I like my wilderness tame and my interiors rustic.
My work has been slowly creeping from my work room table to the kitchen table. It seems that when I hit a period of creative blankness I feel that if I have more workspace it will prove that I'm working and trying. Maybe I believe that a new room will bring new vigor into my work (it hasn't). I also seem to feel during these periods of blankness that maybe if I try every idea I've ever thought of or heard of that eventually something will materialize out of the chaos and present itself to me as worthwhile. Currently this desperate (frustrated) grasping at straws means I'm cultivating several types of salt crystals in the kitchen, trying to grow moss on different surfaces and materials outside, attempting to sculpt with silicone caulk, and am avoiding clay in a manner I would typically reserve for vegetables. I seem to think that if I continue to push boundaries in every direction I know that eventually I will have a breakthrough and finally begin making work that is good. There is a fear in the thought that maybe you are only an artist in the act of creation and every moment you are not creating is a moment that you are not an artist. Yet in the frantic scramble to make something good I wonder if I miss the things that could be the impulse of my next work.
Getting ready to move has been forcing me to evaluate each and every belonging I possess. It's a strange process deciding what is necessary and what can, and perhaps should, be done without. In sorting I have come upon a strange (large) pile of objects that is not necessary, but sentimental. These are the items I have avoided going through because in sorting them I must decide what experiences in my life are so important that I wish to continue holding on to the special little knick-knack that visually holds the memory for me. The pile cannot be taken care of quickly because each and every object demands a reliving of the memory it holds. After going through the pile last week, I came to the last object, placing it in the "keep" pile only to realize that the space where the "throw away" pile should be on the floor beside me was empty. I hadn't found a single item I was willing to part with.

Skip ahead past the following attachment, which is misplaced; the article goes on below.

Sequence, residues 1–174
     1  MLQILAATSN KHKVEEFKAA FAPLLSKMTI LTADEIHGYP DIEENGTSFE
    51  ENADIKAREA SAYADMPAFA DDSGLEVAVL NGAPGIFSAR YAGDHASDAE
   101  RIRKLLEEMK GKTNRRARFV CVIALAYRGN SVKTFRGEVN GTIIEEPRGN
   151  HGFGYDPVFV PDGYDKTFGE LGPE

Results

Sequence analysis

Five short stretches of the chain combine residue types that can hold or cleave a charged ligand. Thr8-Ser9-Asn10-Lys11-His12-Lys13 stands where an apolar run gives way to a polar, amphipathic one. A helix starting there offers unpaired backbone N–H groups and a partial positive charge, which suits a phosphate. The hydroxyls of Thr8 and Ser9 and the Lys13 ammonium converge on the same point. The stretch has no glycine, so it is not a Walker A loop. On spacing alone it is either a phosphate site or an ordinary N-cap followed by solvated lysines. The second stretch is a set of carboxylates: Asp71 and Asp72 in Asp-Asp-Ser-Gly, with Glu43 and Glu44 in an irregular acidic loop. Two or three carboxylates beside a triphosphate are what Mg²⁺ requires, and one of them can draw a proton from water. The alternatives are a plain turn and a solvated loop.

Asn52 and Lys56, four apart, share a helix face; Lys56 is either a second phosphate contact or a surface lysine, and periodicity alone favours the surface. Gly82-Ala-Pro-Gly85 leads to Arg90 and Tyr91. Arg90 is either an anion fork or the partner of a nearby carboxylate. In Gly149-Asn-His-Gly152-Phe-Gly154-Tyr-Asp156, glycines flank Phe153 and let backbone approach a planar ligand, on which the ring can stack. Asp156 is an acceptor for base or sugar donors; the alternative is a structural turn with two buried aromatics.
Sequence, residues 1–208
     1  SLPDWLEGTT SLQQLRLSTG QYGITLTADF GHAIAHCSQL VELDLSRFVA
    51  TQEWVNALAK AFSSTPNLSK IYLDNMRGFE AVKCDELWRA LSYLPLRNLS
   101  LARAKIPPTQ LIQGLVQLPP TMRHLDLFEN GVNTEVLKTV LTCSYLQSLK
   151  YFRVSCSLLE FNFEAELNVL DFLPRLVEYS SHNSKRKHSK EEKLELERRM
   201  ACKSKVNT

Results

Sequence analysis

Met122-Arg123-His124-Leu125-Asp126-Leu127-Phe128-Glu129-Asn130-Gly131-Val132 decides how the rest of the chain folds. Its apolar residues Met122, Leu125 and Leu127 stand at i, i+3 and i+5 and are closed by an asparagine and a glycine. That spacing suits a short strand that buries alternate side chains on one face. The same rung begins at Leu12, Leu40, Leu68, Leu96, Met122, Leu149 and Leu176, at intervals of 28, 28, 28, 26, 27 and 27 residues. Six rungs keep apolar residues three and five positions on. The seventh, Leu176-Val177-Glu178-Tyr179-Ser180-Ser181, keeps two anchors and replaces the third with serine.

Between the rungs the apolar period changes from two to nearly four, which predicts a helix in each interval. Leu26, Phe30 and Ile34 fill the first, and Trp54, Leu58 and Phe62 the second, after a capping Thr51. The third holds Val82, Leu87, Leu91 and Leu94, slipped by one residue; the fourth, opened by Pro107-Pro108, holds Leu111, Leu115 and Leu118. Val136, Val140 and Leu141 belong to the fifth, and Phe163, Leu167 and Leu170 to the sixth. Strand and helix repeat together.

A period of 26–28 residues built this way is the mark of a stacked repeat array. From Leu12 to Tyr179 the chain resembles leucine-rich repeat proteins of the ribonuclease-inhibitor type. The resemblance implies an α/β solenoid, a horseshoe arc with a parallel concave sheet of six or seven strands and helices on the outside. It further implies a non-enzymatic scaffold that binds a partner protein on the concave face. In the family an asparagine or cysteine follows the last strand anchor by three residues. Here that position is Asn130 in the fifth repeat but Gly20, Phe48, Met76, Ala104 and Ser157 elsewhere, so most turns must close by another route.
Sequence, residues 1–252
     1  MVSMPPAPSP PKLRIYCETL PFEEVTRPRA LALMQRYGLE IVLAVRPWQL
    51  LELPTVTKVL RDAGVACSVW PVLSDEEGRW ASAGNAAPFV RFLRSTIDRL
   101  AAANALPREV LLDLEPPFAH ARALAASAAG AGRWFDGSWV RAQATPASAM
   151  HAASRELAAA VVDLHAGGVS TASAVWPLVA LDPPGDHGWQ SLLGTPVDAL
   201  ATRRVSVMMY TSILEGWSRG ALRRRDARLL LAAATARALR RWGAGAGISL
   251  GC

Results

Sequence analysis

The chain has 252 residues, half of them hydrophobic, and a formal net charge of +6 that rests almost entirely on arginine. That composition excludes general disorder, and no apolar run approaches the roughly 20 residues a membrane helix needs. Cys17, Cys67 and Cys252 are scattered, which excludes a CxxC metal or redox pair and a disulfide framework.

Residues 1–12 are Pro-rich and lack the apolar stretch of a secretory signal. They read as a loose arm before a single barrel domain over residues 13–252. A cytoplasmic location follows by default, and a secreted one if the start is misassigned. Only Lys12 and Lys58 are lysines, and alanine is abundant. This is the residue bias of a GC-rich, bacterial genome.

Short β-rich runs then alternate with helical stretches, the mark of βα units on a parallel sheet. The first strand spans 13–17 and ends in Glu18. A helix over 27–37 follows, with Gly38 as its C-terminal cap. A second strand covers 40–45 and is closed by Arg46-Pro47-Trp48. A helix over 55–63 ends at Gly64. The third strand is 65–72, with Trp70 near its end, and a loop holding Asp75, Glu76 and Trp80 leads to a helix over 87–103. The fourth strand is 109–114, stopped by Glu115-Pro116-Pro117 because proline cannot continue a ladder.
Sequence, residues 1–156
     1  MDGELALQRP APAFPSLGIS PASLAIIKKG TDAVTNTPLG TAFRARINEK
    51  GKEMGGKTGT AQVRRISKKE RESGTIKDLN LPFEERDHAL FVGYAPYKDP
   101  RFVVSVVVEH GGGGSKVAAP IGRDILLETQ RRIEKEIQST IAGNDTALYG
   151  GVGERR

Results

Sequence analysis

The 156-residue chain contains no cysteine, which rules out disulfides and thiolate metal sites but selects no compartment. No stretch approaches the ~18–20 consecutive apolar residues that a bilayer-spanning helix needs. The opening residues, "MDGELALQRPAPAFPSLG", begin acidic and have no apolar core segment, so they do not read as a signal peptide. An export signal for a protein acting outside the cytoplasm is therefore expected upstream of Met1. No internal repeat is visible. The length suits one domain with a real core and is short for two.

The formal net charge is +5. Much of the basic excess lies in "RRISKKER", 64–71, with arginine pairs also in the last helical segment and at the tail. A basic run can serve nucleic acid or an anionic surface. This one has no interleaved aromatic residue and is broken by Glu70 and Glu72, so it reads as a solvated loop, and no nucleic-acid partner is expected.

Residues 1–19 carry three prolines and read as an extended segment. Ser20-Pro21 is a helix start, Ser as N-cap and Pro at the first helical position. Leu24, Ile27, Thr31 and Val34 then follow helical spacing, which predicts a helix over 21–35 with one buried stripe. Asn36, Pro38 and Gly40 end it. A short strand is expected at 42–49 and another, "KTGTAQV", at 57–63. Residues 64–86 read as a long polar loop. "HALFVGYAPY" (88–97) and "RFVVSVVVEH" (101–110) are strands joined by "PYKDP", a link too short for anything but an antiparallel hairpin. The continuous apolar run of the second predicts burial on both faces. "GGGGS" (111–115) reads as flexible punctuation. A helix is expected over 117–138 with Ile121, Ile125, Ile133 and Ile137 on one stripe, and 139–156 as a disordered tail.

Giving up sentimental objects has always been a difficult task for me. It's not that I worry that the memory will be forgotten if the sentimental object is thrown out. My worry is simply that the memory will never again be called to mind if the object is discarded. In saving the pile I feel comforted knowing that eventually a new time in my life will come when I will be forced to forge back into the pile to revisit my memories and make new decisions about what is valuable. I know I won't go through the pile again until this time. I never do. Will I save everything again next time? Perhaps going through the pile is itself an important journey as you remember the experiences that have brought you to this place and carry those things (both physically and internally) with you onto new places.
Messing around with some new textures using sodium silicate. These little forms remind me puffball mushrooms!
I read an article today by Robert Krulwich about the first time he fell in love with a painting. I love his description of what happened to him when he saw the painting, how he felt like he already knew the painting.
Here's all I can think: that when we are born, we are born with a sort of mood in us, a mood that comes to us through our genes, that will be seasoned by experience, but deep down, it's already there, looking for company, for someone to share itself with, and when we happen on the right piece of music, the right person, or, in this case the right artist, then, with a muscle that is as deep as ourselves, with the force of someone grabbing for a life preserver, we attach. --Robert Krulwich